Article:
Anyone who thought Poughkeepsie was down for the count certainly had another think coming. In the past decade, it’s been one thing after another; under the leadership of Tkazyik and his predecessor and mentor Colette La Fuente, so much is popping that the mayor gets breathless trying to list it all. “We’re putting in steps from the Walkway to Washington Street right now, and next year there will be an elevator installed from Waryas Park. Waryas Park, our waterfront, that’s our jewel in the crown. Other cities may have redeveloped their waterfronts faster but ours is going to be bigger and better. Waryas Park has the boat docks—the Clearwater has been here half a dozen times this year, along with a bunch of cruise lines. The park is being used to capacity—the egg hunt, the parades, the Kids Expo, the big Fourth of July bash, weddings, community events. A lot of major walks start and end there. And we just signed a licensing agreement to restore the icehouse—it will be a place to get refreshments and food."
The mayor is quick to point out that his city has 19 parks in all, in which his administration is busily replacing picnic tables and resurfacing ball courts. “A lot of people can’t get away on vacation right now; it’s important that they have places to play and feel welcome.”

The city’s west end is richly blessed: Along with the Walkway’s opening, its historic train depot—designed by the same folks who brought us Grand Central Station—has experienced major restorations over the past several years. These helped spark revisionings like that of the Victorian Dooley Square warehouse, which has been converted to retail, offices, and restaurants, and the success of neighboring spots like Mahoney’s Irish Pub, occupying the former Vassar Brothers Brewery.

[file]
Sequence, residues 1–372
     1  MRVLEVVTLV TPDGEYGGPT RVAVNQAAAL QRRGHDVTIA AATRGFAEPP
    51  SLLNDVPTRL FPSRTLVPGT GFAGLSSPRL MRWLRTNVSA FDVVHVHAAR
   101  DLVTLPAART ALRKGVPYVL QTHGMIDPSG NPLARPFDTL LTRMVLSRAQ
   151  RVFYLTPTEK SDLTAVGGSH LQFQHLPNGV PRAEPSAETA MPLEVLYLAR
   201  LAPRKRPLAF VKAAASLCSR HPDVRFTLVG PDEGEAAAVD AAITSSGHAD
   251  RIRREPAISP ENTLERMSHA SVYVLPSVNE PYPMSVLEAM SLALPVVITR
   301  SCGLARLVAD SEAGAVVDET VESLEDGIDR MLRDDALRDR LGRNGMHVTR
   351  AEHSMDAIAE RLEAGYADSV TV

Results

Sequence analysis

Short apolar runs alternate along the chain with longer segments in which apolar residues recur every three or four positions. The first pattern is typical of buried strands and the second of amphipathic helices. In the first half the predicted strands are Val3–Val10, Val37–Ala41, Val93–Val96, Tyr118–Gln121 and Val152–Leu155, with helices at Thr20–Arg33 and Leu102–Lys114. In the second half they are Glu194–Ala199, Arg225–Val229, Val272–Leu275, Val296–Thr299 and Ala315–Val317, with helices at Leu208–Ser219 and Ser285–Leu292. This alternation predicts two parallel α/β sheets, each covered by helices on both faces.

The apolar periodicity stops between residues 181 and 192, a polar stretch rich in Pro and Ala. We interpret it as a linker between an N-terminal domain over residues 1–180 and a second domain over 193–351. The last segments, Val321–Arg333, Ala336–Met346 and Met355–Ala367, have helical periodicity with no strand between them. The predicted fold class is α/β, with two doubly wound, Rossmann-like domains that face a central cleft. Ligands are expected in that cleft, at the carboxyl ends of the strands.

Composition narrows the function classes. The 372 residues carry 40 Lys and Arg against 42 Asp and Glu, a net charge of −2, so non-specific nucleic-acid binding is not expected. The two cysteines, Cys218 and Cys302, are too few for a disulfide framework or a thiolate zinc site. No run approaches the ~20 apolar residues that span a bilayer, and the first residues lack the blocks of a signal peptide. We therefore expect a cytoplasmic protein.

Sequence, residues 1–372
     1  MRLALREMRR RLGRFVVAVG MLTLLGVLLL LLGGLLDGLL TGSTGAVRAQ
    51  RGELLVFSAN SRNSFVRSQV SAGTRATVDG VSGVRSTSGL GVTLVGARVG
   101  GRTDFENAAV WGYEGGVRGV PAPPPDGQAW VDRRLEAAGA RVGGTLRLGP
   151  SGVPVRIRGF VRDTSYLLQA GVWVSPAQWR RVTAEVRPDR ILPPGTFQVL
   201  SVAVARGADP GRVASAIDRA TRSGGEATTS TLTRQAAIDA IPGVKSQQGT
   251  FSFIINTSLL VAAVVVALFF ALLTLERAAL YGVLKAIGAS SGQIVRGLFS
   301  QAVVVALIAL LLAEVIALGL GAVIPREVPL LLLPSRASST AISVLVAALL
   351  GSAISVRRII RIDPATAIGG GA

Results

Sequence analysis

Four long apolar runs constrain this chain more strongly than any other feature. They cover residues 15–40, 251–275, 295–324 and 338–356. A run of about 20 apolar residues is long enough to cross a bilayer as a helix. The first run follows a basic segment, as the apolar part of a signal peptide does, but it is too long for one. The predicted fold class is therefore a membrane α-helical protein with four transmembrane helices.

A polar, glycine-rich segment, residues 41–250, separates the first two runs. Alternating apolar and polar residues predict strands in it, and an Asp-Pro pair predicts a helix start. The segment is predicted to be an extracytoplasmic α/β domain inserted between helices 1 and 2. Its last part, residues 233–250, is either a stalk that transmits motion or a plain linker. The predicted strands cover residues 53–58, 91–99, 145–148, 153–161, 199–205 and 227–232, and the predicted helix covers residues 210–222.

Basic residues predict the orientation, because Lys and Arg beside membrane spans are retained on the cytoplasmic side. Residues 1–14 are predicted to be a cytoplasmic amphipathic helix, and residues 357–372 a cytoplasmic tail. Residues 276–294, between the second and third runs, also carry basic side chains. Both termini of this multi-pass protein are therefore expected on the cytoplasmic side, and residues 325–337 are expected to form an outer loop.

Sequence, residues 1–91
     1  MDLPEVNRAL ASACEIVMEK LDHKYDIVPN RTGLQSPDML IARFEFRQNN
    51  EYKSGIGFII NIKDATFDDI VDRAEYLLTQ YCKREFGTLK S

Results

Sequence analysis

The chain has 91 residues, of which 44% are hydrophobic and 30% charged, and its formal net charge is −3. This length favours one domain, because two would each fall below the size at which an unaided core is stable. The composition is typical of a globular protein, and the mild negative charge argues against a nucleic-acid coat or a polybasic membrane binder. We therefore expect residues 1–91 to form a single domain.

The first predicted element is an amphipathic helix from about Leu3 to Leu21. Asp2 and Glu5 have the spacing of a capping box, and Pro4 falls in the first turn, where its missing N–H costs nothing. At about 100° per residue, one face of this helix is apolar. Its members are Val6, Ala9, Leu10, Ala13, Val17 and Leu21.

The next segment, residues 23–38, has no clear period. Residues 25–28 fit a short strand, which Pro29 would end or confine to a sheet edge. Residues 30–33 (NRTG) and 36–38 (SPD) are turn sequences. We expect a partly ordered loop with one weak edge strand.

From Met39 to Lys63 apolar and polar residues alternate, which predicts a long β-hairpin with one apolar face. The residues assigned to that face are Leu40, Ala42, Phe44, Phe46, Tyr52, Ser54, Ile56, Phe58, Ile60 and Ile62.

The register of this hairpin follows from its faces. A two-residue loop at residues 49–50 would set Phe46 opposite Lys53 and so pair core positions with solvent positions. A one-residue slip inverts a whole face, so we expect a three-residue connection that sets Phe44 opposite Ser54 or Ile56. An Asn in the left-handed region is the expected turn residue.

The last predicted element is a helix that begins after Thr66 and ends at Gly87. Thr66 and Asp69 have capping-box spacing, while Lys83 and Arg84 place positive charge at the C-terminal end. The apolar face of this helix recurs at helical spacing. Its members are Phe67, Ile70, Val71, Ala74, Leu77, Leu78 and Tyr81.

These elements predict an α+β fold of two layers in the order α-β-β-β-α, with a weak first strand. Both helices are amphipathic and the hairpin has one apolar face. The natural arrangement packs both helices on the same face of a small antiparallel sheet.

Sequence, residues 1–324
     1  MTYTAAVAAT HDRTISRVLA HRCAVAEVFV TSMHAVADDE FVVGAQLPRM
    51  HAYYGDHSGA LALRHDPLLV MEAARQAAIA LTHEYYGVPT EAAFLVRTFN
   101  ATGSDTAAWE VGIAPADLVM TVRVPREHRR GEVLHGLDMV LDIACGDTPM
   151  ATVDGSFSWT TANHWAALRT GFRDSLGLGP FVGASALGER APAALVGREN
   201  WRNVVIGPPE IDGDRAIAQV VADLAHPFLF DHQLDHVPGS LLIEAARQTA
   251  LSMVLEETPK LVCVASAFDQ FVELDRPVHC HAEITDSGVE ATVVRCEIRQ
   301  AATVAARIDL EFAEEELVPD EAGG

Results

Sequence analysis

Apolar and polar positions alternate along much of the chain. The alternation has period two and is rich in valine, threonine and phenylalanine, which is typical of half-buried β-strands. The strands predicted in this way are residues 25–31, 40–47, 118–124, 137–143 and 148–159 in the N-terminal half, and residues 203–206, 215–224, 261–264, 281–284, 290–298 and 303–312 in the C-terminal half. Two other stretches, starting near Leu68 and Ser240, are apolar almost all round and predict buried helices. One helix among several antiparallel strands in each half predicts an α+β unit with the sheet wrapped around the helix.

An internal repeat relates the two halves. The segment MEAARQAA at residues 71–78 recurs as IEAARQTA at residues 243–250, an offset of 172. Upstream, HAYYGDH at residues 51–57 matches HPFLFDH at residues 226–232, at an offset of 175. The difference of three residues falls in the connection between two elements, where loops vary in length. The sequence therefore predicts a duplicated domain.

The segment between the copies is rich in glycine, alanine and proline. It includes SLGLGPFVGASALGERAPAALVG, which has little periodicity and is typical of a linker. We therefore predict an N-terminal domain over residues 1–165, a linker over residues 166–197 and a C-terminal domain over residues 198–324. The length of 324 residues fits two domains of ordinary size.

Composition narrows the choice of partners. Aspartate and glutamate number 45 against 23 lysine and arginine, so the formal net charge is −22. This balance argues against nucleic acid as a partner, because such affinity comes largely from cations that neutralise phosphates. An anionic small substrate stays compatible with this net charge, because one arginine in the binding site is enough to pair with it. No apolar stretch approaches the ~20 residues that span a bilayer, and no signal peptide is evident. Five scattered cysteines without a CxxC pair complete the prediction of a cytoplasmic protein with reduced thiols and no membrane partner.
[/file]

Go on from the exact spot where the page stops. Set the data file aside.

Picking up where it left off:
Stalwart Institutions
Up on the former Main Mall—now a proud boulevard once again—the onetime Luckey Platt building, vacant for decades, has become a mixed-use residential and retail space. “We’ve got absolutely great tenants,” says the mayor.

“It’s all young, hip people with fresh energy—a city vibe,” says Luciano Valdivia, a resident of the Luckey Platt project. He’s fresh from a meeting with Mayor Tkazyik about the area’s prospects for revitalization, being one of the key players in the creation of a new night spot opening shortly in the neighborhood—the Bull and Buddha, an Asian/fusion lounge that all concerned are hoping becomes a landmark. “It’s going to be unlike anything this area has seen before—major sushi bar, lots of dining space—presided over by a seven-foot-tall Buddha from Thailand. So far, the Buddha seems pleased.”  The mayor is certainly pleased. “They’re adding 85 parking spots! And the place will be exquisite. That area’s coming back fast. We’re restoring a building on Academy Street. The Artist’s Palate [another Main Street restaurant] is doing well.